## Research Interests

I work in an area of mathematical research known as *Ergodic
Theory*, a subfield of a broad, modern research
area, *Dynamical Systems*. Dynamical systems
provides many theoretical tools that are foundational for
other areas of Science and Engineering, including Ordinary
Differential Equations (in Biology, Medicine, Chemistry,
Astronomy and Electrical Engineering), Partial Differential
Equations (in all the above areas, plus Mathematical Physics
and Earth Sciences), Symbolic Dynamics and Coding Theory (with
deep connections to Computer Science) and so-on.

Ergodic theory is distinguished within dynamical systems
theory by its focus on *invariant measures* -- these
describe the stable statistical properties of the dynamical
orbits and the asymptotic or long-range behaviour of the
system. For example, an invariant measure can be used to
answer the question: `What fraction of time, in the long
run, does a particular orbit in the system spend in a given
region of the state space?' Ergodic theory is now a
mature and vibrant research area

Broadly, my work in this field can be divided into four main categories.

**1. Nonsingular transformations and absolutely continuous
invariant measures.**

In many examples, the state space comes equipped with a
natural, but non-invariant measure (such as volume in the case
of dynamics on a Riemannian manifold) and one is interested in
finding invariant measures that are obtained by integrating a
*density function* against this natural
measure. These *invariant densities* in
ergodic theory play an analogous role to the stationary
vectors for Markov chains. There is an analogue of the
Markov Chain transition matrix called the Perron-Frobenius
(P-F) operator that lifts the dynamics from the state space to
the space of densities, an infinite-dimensional Banach space.
Spectral decomposition of the P-F operator separates
observables into dynamically relevant features such as
invariant densities versus transients. This *spectral
approach* for P-F operators was developed first for
one-dimensional expanding maps; recently the focus of research
has moved to higher-dimensional hyperbolic maps. Since
hyperbolic maps are ubiquitous in applications, this is an
active and important research area.

**2.** **Open dynamical systems**

Open systems extend the notion of traditional dynamical
systems by allowing orbits to leave the phase space. Billiard
dynamics on a table with a hole is a frequently cited, simple
example. The associated P-F operator in this context is
sub-Markovian and instead of an invariant density, one looks
for a conditionally invariant density that describes the
statistics of orbits leaving the system.

**3. Intermittent Dynamical Systems**

Intermittency refers to decay of transients at a rate slower
than would be expected by the local mixing behaviour in the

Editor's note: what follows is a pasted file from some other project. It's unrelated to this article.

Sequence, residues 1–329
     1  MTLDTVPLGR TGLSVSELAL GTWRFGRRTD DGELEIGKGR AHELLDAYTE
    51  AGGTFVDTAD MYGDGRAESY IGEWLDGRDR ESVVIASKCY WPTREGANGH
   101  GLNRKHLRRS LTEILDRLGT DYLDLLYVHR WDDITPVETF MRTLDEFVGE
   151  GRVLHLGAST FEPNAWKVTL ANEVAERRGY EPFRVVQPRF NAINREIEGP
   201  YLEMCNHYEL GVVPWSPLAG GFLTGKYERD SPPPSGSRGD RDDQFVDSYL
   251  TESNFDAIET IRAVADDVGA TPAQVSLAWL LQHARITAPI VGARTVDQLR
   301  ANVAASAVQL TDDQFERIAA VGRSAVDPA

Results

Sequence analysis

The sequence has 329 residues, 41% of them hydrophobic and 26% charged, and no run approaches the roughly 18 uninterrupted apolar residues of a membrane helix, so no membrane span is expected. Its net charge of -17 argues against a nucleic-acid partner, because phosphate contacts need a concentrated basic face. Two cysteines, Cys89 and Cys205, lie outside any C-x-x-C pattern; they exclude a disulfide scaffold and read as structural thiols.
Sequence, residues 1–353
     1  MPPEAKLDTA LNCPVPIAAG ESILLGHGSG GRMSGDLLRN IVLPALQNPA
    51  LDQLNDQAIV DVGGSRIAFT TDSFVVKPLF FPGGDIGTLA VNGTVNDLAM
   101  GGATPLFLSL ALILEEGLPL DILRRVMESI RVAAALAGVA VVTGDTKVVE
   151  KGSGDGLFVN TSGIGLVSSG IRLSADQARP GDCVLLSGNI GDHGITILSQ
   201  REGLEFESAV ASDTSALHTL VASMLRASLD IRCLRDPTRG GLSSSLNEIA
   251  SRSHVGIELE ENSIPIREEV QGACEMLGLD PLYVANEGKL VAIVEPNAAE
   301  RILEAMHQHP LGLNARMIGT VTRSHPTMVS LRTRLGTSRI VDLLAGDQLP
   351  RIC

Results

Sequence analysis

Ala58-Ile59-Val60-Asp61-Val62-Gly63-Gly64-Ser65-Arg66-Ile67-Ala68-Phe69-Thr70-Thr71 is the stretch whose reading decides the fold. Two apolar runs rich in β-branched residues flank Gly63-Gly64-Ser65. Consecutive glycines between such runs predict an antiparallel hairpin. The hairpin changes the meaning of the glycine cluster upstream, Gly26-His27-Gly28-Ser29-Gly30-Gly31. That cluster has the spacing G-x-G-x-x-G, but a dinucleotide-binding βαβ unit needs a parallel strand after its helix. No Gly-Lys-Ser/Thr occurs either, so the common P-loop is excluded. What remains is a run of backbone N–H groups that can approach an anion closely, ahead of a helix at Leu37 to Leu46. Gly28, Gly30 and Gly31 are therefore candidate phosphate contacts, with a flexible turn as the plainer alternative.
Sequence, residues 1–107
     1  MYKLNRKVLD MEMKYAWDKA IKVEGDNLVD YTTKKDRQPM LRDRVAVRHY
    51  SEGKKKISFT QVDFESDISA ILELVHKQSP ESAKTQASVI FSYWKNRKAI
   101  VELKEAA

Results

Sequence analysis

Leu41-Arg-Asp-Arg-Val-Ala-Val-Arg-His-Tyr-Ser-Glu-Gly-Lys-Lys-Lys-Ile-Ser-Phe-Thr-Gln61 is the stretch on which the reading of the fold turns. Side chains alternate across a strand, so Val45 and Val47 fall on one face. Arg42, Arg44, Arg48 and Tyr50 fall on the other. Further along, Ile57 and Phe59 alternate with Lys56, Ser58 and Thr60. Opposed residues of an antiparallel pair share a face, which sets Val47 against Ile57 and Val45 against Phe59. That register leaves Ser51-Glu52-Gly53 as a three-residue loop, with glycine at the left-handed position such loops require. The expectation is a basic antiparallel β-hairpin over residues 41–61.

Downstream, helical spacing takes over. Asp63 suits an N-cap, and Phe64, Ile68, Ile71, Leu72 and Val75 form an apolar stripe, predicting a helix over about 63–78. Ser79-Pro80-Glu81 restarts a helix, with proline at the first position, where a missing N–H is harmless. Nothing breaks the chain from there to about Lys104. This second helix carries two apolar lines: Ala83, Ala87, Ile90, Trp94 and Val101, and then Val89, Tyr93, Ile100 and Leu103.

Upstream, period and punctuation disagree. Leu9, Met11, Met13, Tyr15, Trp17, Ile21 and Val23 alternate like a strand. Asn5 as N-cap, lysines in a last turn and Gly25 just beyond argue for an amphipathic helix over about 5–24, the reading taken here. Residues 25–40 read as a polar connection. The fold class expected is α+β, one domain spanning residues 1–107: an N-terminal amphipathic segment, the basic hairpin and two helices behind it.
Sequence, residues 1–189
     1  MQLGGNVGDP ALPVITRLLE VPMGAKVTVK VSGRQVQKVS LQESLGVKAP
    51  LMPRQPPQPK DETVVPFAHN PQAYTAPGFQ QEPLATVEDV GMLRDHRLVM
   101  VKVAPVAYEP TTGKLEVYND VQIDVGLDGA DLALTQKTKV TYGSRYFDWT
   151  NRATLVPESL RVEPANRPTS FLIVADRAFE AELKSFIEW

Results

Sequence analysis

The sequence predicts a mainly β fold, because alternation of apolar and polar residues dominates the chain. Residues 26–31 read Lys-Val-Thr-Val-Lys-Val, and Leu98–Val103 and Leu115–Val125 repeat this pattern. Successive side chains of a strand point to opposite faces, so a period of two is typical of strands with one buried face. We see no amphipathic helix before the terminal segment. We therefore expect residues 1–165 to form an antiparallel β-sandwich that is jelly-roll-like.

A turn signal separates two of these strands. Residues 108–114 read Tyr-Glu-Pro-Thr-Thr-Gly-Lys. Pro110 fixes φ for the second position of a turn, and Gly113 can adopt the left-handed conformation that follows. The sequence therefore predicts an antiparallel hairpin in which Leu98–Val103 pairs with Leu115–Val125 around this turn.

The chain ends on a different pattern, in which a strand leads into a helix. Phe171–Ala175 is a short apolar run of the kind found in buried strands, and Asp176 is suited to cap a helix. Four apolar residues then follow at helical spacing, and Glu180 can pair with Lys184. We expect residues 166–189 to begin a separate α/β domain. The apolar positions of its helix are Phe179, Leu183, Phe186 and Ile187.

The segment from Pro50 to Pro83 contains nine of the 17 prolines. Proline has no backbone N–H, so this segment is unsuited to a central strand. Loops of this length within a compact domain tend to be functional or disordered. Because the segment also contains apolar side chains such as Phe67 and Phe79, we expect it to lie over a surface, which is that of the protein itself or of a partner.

flow (for example, slower than the rate of local divergence of
orbits). Such systems can display sub-exponential
decay of correlation by having orbits which occasionally get
`stuck' in a relatively small part of the phase space.

**4. Non-autonomous systems and random maps**

Up to this point, we have described systems where repeated
application of some fixed transformation on the state space
generates the deterministic dynamics. A vastly more
realistic situation allows the transformation to vary in some
time-dependent way, leading to the notion of a *non-autonomous
dynamical system*.

The mathematical construction is called a *skew product*
and consists of a family of transformations indexed by a
second dynamical system (the base or `timing' system) that
controls the time-dependence.

When the base is an i.i.d. process (a special kind of
measure-preserving transformation) we call the system a
*random map*. In this case, one imagines
choosing, at each time step, one transformation from the
family according to the outcome of a coin flip, for example.
Random maps lead to interesting applications of ergodic
theory; they allow one to incorporate noise into idealized
dynamical systems and/or account for measurement errors
introduced when modelling physical systems. A number of
my recent publications study random maps.

A recent paper with J. Horan and Q. Quas returns to the more
general context of a skew

product system, showing that a central result in the theory
concerning matrix cocycles

(the multiplicative ergodic theorem) cannot be refined to
produce an equivariant block triangularization.

**And then there is . . . industrial and applied
mathematics**

From time to time I am fortunate to spend some time with
genuine applied mathematicians working on *real problems*
that might be of interest even to non-mathematicians! A
couple of recent sample projects: developing efficient
computational approaches to find stable (large) molecular
structures (with colleagues at the University of Guanajuato
and CIMAT, Mexico) and mathematical modelling of forest fire
spread (a MITACS funded project in collaboration with
mathematicians in Edmonton, London (Ontario) and Montreal).